Having never pulled back a compound bow or fired a shotgun — "If somebody had told me I'd be doing it, I would never have believed them," she said — Kephart first joined her husband shortly after they got married.

Initially, it was just to watch.

"I sat in the tree stand getting cold and thought I might as well put a bow in my hands" she said.

It took Kephart into their second season together to take down her first whitetail, using a muzzleloader, and until her fourth to shoot one with a bow.

The feeling she had as an athlete quickly returned.

"It was amazing," she said. "I had been out so many times without seeing anything. I never imagined that it would be that exciting."

Kephart said that hunting brings back memories of when she was a high school and college athlete running cross country.

"When I ran cross country, I preferred being in the woods, being out there in the lead, no one could see me, being alone," she said. "It's the same kind of thing."

Like her husband, Kephart has started to combine her newfound passion with her profession as well. When she was finishing her master's degree in education at Salisbury, one of her prerequisites was to introduce a program into the school where she was student-teaching.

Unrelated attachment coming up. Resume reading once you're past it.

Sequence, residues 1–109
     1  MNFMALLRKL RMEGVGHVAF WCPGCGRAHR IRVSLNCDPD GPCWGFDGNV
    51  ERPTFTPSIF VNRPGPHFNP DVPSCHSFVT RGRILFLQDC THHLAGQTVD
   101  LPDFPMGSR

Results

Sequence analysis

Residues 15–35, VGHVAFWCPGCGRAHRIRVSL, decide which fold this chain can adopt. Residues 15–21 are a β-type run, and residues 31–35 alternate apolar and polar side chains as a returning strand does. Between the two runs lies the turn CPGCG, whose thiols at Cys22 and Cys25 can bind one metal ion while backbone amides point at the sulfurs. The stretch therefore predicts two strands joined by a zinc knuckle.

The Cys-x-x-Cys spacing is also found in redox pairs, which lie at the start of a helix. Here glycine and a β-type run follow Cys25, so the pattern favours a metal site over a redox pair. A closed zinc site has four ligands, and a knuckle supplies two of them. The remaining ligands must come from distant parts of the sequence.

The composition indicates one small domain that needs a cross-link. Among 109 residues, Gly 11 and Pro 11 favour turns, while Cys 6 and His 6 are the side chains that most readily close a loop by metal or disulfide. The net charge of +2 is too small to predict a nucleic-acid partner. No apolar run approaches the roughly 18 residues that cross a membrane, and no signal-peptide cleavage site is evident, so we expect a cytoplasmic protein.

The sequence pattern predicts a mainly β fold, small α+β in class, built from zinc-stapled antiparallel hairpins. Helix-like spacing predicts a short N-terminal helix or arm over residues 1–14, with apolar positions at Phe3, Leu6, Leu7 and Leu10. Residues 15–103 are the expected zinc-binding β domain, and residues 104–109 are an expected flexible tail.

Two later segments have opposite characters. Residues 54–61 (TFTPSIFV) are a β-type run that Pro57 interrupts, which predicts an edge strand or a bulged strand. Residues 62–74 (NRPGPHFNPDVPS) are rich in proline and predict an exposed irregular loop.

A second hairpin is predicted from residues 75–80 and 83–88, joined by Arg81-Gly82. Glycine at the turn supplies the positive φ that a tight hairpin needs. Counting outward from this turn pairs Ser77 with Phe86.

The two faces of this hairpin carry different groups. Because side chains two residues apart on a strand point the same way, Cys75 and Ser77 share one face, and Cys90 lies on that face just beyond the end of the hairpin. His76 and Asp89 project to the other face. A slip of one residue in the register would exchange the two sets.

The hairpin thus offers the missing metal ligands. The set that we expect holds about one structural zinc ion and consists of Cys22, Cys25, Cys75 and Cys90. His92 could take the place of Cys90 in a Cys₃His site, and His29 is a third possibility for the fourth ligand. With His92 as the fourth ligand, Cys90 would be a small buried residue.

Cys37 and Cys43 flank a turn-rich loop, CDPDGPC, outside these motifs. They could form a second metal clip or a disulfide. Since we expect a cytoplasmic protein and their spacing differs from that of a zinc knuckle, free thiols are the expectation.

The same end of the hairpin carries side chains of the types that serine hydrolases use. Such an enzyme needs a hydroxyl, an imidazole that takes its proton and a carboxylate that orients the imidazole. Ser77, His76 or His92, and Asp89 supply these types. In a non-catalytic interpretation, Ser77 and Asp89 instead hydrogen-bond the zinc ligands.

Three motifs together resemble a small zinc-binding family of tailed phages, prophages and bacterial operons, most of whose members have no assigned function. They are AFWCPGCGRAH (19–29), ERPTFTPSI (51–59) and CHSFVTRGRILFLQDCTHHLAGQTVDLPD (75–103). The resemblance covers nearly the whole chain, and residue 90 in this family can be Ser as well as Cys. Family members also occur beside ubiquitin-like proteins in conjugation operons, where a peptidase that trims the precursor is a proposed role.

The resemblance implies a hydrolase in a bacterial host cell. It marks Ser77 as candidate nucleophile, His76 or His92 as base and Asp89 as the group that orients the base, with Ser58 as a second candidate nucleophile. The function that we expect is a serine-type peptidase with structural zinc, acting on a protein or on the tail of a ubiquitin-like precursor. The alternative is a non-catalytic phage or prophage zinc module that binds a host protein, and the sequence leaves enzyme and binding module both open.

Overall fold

Kephart introduced the National Archery in the Schools Program (NASP) at Warwick Elementary. Now the vice principal at Maple Elementary, Kephart is in the process of introducing the program there as well. The program is geared for students who are not that interested in sports — or school — to give them an activity, Kephart said.

"A lot of the girls are excited when they find out that I hunt," said Kephart, who now takes her 4-year-old daughter, Brookelyn, and 11-year-old stepson Alex when she and Jason go hunting. "For a lot of the kids, it makes them want to be in school."

Kephart and her husband often videotape their hunts and post the footage on their website, chesapeakepursuits.com.

"It makes it more nerve-racking because if you more miss, it adds another element to it, it's on videotape," Kephart said. "If you're waiting for the perfect shot, you also have to make sure the person who is taking the pictures has the right angle, too."

Jason Kephart said his wife killed a second sika deer last year while being videotaped.

"She's really competitive," he said. "Most hunters who start out take what they can get. She set her standards pretty high."


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